So it's finally happened - after more than a year of stuffing around contemplating CNC machines I finally have one!
For those who haven't been following the CNC Machining for Miniatures thread
I recently bit the bullet and ordered a "Walter 2520"
machine from CNCDIY. They're a cheap Hong Kong/China based manufacturer and all up I paid about AU$800 to land it here (around $300 of which was shipping). Shipping was via UPS and only took about a week. I was pleasantly surprised to find that it had arrived not only without any noticeable damage but also without requiring any assembly!
Here's pics from the moments following unpacking:
The control electronics for the system are designed for use with an old x86 PC with a parallel port, however I'm planning to use my laptop to run it (admittedly against the recommendation of some, but it's a challenge I'm willing to accept). In order to do so I will be building a Planet CNC USB CNC controller
. In order to protect my laptop I will be ensuring that all signals between the USB controller and the machine are optically isolated. Because of this I had to wait until the machine arrived so I could see exactly what kind of isolation (if any) the control electronics offered. So I popped op the control box and had a look:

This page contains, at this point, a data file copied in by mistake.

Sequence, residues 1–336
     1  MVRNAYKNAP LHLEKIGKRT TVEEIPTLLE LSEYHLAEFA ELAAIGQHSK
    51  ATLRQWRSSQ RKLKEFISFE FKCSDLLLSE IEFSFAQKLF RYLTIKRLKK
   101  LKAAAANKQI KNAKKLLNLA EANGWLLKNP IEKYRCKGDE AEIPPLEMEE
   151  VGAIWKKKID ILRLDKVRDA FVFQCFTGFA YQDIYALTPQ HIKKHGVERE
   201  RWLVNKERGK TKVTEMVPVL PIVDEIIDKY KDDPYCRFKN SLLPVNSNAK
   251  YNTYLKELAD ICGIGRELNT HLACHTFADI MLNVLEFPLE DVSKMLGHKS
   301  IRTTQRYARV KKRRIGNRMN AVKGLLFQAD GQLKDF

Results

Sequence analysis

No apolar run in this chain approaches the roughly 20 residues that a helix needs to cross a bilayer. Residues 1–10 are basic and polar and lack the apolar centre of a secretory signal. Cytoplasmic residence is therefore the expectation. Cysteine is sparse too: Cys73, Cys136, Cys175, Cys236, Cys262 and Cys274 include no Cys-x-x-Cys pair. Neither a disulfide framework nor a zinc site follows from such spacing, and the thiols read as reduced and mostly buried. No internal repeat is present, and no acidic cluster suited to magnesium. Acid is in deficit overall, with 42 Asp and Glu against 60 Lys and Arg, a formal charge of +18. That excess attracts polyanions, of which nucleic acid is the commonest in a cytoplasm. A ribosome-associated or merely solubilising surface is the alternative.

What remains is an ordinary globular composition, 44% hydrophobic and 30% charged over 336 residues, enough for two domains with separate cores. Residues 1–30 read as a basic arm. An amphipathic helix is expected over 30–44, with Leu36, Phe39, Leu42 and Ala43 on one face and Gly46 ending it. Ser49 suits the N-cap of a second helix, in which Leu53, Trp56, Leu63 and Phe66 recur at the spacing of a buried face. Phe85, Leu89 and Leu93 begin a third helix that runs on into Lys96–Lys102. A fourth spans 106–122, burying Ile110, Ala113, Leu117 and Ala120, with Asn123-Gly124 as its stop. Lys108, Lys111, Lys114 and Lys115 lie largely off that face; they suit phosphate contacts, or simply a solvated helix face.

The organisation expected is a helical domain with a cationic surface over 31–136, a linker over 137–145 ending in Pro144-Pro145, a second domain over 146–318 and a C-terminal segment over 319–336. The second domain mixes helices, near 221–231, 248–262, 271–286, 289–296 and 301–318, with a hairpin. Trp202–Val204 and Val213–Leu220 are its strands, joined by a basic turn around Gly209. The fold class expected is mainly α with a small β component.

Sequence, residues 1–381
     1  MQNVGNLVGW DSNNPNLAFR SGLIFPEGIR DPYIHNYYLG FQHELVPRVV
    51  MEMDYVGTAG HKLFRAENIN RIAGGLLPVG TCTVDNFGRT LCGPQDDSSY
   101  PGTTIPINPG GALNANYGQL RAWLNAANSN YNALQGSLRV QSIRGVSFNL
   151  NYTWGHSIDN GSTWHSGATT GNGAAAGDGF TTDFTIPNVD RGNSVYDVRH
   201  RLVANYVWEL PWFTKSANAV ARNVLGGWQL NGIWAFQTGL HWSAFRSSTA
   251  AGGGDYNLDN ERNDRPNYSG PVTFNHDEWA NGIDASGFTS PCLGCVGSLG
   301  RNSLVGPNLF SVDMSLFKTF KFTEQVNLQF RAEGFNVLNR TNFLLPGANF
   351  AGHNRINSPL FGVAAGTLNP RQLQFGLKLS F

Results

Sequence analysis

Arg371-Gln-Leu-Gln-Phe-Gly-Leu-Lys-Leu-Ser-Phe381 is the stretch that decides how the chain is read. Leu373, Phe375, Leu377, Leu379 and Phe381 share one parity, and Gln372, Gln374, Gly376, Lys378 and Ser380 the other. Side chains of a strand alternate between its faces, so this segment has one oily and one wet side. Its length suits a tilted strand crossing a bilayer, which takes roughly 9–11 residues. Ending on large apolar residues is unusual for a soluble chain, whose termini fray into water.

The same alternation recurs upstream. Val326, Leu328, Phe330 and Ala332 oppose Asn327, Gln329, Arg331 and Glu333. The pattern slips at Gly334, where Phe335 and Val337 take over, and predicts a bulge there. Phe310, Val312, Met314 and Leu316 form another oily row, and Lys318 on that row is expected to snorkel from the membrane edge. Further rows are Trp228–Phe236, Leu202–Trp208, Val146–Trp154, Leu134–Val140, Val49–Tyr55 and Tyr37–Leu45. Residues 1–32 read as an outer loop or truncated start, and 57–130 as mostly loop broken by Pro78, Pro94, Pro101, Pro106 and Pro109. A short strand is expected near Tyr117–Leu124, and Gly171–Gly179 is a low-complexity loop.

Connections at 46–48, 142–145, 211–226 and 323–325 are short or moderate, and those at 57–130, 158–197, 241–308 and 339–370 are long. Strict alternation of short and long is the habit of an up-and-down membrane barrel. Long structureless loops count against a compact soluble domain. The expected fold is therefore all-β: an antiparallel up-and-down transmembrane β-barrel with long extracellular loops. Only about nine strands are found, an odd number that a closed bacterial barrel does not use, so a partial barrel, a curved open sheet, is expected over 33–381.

The board on the right is the spindle variable speed power supply. The red board on the left is the parallel interface and stepper drivers (heatsink mounted underneath). Underneath the whole lot is a large switchmode power supply. Good news is that the interface card looks like it has optical isolation on every signal - when I get a chance I'll test it out with a multimeter to confirm! I will be designing a PCB for the USB controller myself, so with the driver board already having optical isolation I'll only need to include isolation for the limit switches. The machine as purchased doesn't come with limit switches, but adding a few microswitches will be a piece of cake. Plus they'll wire up so nicely with the movable cable ducting on the X and Y axes.
In terms of software my plans for starting out with routing/engraving are:
for drawing the design -> saved natively as .SVG
-> SVG import into PyCAM
to generate G-code
-> Planet CNC USB CNC control software to control the machine from the G-code file
The only cost in the above toolchain is the USB CNC controller, at $100. Inkscape is a fantastic piece of open source (free) software I use for both hobby and professional work projects. PyCAM is also open source and my evaluation of it so far has proven it to be quite good. Only actually running the output on the machine will tell!
So as noted above, my next step is to build my USB interface card. In the long term I'd like to mount all of the control electronics under the base of the machine, but for now I just want to get moving so I'll simply retrofit the existing control box.
Watch this space!
Oh yeah I can make that....